CrowdStrike mentioned in Trump–Zelensky transcript; ‘502 bad gateway’ error referenced in UK parliamentary proceedings; and privacy concerns raised over Dropbox Paper

Flip the script

This week saw different cybersecurity firms unwittingly thrown into the center of ongoing political maelstroms on either side of the Atlantic.

US President Donald Trump mentioned threat response and intel firm CrowdStrike during a call with Ukrainian President Volodymyr Zelensky in late July.

A transcript of the conversation was released this week by the White House as a reaction to a whistleblower complaint.

CrowdStrike was brought in by the Democratic National Committee (DNC) to investigate a breach on its systems in the run up to the 2016 presidential election.

During the call, President Trump is thought to have referenced what Bloomberg is calling a “bizarre conspiracy theory” that CrowdStrike may have helped the DNC fake the breach.

Trump asked Zelensky to “… find out what happened with this whole situation with Ukraine, they say CrowdStrike… I guess you have one of your wealthy people… The server, they say Ukraine has it.”

During the same call, Trump allegedly asked for help from Zelensky in making trouble for his political rival Joe Biden by investigating his son, Hunter.

The controversy has prompted Democratic lawmakers to take the first step in beginning impeachment proceedings against Trump.

“Trump has denied any wrongdoing and dismissed the proceeding as a ‘hoax’ and ‘another witch-hunt’,” writes the BBC.

CrowdStrike’s appearance as an extra, meanwhile, attracted plenty of comment on social media – much of it along the lines of there being no such thing as bad publicity.

For its part, the security firm has remained quiet.

A blog post by Rob Graham of Errata Security offers a CrowdStrike–Ukraine explainer, giving some much-needed context to the frankly confusing reference.

Hacker House in the HoC

Hacker House – one time employer of US extradition target Lauri Love – found itself the topic of questions in the UK’s House of Commons when it reconvened on Wednesday.

The firm was co-founded by Jennifer Arcuri, a “close personal friend” of Boris Johnson during the time the prime minister was mayor of London.

According to reports, Hacker House was awarded government grant worth £100,000 via a fund earmarked for UK businesses.

Questions were asked about the now PM’s role in securing the grant as well as whether or not the cybersecurity training firm is a UK business.

Acuri returned to the US last year, and press calls to the company this week were said to have been handled by US-based staff.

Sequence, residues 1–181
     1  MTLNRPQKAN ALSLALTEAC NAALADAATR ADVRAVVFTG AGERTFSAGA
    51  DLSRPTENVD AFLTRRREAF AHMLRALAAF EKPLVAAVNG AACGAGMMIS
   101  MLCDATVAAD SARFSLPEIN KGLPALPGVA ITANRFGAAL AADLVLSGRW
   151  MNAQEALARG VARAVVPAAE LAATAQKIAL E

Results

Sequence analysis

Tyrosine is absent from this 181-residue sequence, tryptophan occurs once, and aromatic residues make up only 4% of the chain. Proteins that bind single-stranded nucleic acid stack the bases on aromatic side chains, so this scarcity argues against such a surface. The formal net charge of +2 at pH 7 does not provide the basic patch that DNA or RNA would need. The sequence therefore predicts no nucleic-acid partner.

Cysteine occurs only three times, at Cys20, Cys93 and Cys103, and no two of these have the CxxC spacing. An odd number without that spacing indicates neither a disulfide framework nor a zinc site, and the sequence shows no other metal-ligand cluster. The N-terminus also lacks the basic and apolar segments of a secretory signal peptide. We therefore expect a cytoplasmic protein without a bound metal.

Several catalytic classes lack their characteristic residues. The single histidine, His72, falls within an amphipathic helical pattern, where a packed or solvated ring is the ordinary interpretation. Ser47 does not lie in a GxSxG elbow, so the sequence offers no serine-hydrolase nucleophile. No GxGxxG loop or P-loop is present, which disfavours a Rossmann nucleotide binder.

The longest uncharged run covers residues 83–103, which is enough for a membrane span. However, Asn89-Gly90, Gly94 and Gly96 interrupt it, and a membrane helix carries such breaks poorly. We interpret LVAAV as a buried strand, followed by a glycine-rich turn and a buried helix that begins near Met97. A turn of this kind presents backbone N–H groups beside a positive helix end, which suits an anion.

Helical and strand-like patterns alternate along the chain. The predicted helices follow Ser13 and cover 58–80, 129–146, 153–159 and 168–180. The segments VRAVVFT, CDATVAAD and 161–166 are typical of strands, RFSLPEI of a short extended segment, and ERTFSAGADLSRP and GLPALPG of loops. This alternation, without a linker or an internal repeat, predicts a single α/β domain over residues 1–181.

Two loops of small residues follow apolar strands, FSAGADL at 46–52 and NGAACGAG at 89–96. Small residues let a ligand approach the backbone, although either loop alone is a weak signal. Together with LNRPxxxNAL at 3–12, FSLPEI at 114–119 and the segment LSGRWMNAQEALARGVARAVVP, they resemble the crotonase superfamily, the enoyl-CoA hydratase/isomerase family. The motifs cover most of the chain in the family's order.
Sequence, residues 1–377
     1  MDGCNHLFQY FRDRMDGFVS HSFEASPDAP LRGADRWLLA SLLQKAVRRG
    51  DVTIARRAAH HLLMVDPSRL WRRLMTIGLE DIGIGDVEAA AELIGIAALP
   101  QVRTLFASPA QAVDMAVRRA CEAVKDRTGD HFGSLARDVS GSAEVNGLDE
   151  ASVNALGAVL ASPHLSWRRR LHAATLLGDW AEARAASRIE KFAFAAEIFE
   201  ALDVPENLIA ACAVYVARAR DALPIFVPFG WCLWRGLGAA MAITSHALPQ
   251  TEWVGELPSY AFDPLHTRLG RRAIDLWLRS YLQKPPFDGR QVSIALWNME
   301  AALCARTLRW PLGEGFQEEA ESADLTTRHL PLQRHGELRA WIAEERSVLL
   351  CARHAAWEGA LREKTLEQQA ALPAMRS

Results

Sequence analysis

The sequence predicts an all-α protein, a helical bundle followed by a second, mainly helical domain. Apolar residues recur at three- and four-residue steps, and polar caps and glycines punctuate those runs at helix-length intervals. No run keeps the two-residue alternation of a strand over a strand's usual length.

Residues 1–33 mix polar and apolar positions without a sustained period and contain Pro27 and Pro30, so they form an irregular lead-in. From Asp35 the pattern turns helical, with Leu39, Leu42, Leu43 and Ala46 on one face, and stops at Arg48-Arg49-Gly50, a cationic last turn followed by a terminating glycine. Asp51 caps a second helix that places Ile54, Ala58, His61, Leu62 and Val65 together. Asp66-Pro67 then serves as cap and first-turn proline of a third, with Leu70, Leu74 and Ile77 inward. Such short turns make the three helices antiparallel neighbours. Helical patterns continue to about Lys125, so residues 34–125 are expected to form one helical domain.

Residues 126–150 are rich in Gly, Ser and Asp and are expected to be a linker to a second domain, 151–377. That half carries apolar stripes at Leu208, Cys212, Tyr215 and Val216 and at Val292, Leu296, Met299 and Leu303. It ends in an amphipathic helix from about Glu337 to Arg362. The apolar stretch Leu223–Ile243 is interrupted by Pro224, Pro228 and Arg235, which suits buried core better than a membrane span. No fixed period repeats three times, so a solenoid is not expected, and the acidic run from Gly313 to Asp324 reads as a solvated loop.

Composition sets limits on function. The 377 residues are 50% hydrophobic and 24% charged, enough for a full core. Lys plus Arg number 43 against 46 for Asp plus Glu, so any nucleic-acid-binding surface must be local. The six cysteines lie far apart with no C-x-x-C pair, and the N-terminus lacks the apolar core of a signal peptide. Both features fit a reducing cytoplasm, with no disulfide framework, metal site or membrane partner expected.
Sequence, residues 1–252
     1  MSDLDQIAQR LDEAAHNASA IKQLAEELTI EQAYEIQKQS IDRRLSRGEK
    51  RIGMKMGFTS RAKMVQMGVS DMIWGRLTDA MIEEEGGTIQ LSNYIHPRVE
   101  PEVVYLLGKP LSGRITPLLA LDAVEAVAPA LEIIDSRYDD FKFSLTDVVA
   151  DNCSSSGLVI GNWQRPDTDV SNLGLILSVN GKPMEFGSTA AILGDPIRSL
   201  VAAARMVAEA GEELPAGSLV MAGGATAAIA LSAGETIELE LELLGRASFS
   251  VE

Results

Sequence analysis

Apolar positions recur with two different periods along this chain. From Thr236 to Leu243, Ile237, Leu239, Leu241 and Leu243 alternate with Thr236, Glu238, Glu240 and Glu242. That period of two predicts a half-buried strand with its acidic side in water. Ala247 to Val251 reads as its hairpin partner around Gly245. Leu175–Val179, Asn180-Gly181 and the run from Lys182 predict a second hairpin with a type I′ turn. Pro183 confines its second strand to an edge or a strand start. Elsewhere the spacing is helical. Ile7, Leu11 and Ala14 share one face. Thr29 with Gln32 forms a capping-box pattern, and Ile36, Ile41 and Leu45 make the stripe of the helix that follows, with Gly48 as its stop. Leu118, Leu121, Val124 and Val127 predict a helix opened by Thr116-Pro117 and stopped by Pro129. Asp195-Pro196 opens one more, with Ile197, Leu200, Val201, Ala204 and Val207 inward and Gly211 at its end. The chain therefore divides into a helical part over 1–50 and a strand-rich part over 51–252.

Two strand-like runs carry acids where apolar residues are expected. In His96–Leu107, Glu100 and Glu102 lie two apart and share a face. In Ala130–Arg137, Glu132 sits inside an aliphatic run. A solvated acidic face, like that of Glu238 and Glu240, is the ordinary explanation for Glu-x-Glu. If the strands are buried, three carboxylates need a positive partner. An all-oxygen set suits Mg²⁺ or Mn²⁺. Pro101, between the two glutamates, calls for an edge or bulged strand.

Matt Warnam, junior minister at the DCMS, repeatedly said that Johnson was not involved in the decision to offer Hacker House a grant.

Around half (£53,000) of the grant to Hacker House has been suspended pending a “review” by DCMS.

Matthew Hickey, co-founder of Hacker House, a firm that offers cybersecurity training and services, took to social media to defend the firm, which he essentially argued had become collateral damage during a Westminster firefight.

During questions on the topic, Labour party deputy leader Tom Watson pointed out that the site of Hacker House had dropped offline, leading to the first-ever reference to a “502 bad gateway” error in parliamentary proceedings.

Paper trail

Elsewhere, security engineer Koen Rouwhorst took to Twitter to draw attention to a ‘feature’ in Dropbox Paper that he said was leaking user information and was “just waiting to be abused”.

Dropbox Paper is the file hosting company’s collaborative document-editing service, similar to Google Docs.

According to Rouwhorst, if you share a Dropbox Paper document publicly, “any viewer can see the full name and email address of any Dropbox user who has ever opened the document”.

“It is trivial to crawl for public Dropbox Paper document URLs and harvest personal details of tens (or hundreds?) of thousands of Dropbox users,” he explained.

Dropbox responded to Rouwhorst’s concerns by stating that this was an intended feature of the service, and that users are given ample warning before accessing public documents.

Patch bonanza

In vulnerability news, there’s been a raft of out-of-band security updates from software giants including Microsoft, which this week rolled out an emergency patch to address a remote code execution (RCE) bug in Internet Explorer.

Adobe joined the fray by issuing an update to resolve a trio of bugs in ColdFusion – two of which were deemed critical.

And if that wasn’t enough, the developers of vBulletin published a set of patches to fix a critical vulnerability in the web forum software that was disclosed by an anonymous party earlier this week.

Dance like no one’s watching

And finally, it’s now been 24 years since the launch of Windows 95. To mark this momentous occasion, comedy writer Mike Camerlengo took a humorous deep dive into the on-stage antics of Messrs Gates, Ballmer & Co. (audio required):

It later transpired that the footage may not have come from the Windows 95 launch event, but rather an internal sales meeting in a hotel back in the day.

However, with running commentary of the Microsoft executives’ spontaneous dance moves that includes the lines “half fist pump to air drum solo”, who cares?

Additional reporting by John Leyden.